• Cole Gorman

Estate administration includes dealing with debt

In many circumstances, when people die, they intend for their children to inherit their belongings. In fact, they may believe this happens automatically and that the children can simply move into their homes and take possession of their belongings. This rarely happens unless an estate has been carefully and legally prepared before someone’s death. The deceased’s property must pass through estate administration before heirs can claim it, and if the deceased left behind any debt, those creditors get first consideration.

After death, a person’s estate goes through Tennessee probate, which is the legal process of establishing the scope of one’s estate and the validity of any heirs. An executor of an estate, either chosen by the deceased or appointed by the court, is responsible for settling any unfinished business, including dealing with debt. Some loans may include insurance policies to cover any outstanding balance, and some debts may be paid off from the estate. However, other obligations may fall squarely on the shoulders of the heirs.

For example, an heir inheriting a house that still has a mortgage or equity loan due will likely have to take over the payments or sell the house to satisfy the lender. The same may be true for a car loan if the estate cannot cover the balance. Credit card companies are among the last to receive payment from an estate, and if it is not a joint account, any debt not covered by the estate simply goes unpaid. In certain circumstances, the responsibility for a student loan may pass to a surviving family member.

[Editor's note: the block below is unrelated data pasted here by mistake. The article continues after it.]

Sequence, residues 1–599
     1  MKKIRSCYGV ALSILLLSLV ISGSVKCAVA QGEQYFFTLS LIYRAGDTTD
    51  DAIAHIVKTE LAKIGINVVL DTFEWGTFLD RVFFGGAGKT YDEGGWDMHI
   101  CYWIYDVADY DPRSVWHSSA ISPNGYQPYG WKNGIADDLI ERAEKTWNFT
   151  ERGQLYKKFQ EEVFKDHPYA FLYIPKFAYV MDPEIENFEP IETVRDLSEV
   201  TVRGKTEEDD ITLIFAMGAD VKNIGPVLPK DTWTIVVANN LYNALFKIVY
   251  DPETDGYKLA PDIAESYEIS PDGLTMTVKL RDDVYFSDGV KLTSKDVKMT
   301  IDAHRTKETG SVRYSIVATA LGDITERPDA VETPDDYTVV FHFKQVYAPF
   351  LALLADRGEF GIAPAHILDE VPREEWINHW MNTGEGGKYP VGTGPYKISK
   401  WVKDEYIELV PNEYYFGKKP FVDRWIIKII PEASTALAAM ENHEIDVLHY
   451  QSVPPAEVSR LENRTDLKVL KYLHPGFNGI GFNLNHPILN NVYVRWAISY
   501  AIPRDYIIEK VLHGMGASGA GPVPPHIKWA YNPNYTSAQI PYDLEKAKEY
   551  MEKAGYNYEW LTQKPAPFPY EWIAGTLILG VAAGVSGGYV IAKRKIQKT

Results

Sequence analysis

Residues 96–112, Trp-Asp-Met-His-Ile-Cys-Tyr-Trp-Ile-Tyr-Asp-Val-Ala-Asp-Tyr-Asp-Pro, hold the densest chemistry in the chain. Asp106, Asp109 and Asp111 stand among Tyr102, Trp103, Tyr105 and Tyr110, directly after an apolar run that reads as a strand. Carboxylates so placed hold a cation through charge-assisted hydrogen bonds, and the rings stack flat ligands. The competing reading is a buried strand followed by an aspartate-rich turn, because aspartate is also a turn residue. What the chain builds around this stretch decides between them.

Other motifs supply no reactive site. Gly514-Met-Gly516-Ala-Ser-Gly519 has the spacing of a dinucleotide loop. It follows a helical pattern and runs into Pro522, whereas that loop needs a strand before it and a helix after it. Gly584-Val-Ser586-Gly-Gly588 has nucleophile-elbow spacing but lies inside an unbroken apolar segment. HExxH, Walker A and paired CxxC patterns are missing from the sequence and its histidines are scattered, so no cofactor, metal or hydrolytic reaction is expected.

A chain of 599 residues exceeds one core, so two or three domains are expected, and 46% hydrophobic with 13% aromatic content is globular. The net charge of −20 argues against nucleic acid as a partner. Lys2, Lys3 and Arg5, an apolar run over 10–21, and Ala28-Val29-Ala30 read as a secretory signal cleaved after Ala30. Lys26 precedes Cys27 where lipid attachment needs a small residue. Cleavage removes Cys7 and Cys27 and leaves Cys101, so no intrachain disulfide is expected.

Dealing with the varying and complex laws of debt payment from an estate can be complicated and confusing. Someone who is charged with the estate administration of a loved one may feel overwhelmed with the responsibility. Fortunately, a Tennessee estate planning attorney can assist an executor in those duties to ensure the estate passes through probate as smoothly as possible.

Source: nerdwallet.com, “This Is What Happens to Your Debts After You Die”, Accessed on July 16, 2017

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